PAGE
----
Former Secretary of Education Arne Duncan is working for Steve Jobs’ widow in Chicago. He was invited to sit on the board of a $1 billion technology start-up. Corporate board memberships are well paid.

 

As usual, Peter Greene has the best explanation of what’s happening.

 

He is puzzled that the press release for Duncan refers to him as a “thought leader.”

 
“Arne Duncan– Highly Regarded Thought Leader. Holy smokes. I mean, holy frickin’ smokes. Duncan was not even a particularly apt Thought Sayer, and I can’t remember a single time that Duncan stood up to speak and folks from all across the nation fell in behind him, excited by his vision and his leaderliness. Not to be mean, but I’m not sure that Duncan ever proved to be a Thought Haver. Is there a Duncan policy that didn’t come from somewhere else? Anything? Test-and-punish, charter schools, data mining, Common Core– pretty sure that someone else did the thinking on those.

 

“He certainly did expand federal reach, but he did it through the artful use of blackmail (apply for a waiver or face the consequences of being in violation of NCLB). It is true that the stimulus money saved some jobs, but are we going to give Duncan credit for that? How about pissing off Congress so badly that they united in the historic stripping of power from a cabinet-level department? Or the complete bungling of Common Core? Or the demoralization and alienation of public school teachers? I don’t want to rehash the whole question of Duncan’s legacy again, but this is a spirited rewrite of history indeed.”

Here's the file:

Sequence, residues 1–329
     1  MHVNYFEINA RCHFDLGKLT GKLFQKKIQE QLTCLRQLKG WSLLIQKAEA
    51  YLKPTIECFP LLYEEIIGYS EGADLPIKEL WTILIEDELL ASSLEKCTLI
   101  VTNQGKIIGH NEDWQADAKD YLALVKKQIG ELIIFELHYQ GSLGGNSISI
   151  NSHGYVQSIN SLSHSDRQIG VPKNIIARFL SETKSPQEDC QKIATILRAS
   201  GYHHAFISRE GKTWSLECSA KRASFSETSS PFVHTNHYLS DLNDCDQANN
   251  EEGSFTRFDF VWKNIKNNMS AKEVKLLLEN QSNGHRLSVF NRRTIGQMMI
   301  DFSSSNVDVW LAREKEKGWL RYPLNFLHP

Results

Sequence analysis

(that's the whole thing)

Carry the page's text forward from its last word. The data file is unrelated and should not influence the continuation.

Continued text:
Earlier this year, President Obama’s friends took control of the Apollo Education Group, which owns the University of Phoenix. Duncan’s deputy secretary of education Tony Miller will run the multi-billion dollar for-profit operation.

 

In other news, Duncan’s former deputy Jim Shelton will advise Mark Zuckerberg and Priscilla Chan.

 

Nice gigs.